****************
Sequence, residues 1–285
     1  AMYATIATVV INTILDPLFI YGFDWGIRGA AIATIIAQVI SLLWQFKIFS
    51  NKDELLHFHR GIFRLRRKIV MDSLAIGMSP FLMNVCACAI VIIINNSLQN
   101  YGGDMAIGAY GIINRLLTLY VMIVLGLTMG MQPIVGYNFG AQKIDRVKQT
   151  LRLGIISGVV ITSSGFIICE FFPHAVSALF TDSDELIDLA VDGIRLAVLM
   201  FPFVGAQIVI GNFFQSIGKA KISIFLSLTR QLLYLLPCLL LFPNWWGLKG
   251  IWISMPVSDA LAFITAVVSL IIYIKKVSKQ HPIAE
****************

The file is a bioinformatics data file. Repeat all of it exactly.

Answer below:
Sequence, residues 1–285
     1  AMYATIATVV INTILDPLFI YGFDWGIRGA AIATIIAQVI SLLWQFKIFS
    51  NKDELLHFHR GIFRLRRKIV MDSLAIGMSP FLMNVCACAI VIIINNSLQN
   101  YGGDMAIGAY GIINRLLTLY VMIVLGLTMG MQPIVGYNFG AQKIDRVKQT
   151  LRLGIISGVV ITSSGFIICE FFPHAVSALF TDSDELIDLA VDGIRLAVLM
   201  FPFVGAQIVI GNFFQSIGKA KISIFLSLTR QLLYLLPCLL LFPNWWGLKG
   251  IWISMPVSDA LAFITAVVSL IIYIKKVSKQ HPIAE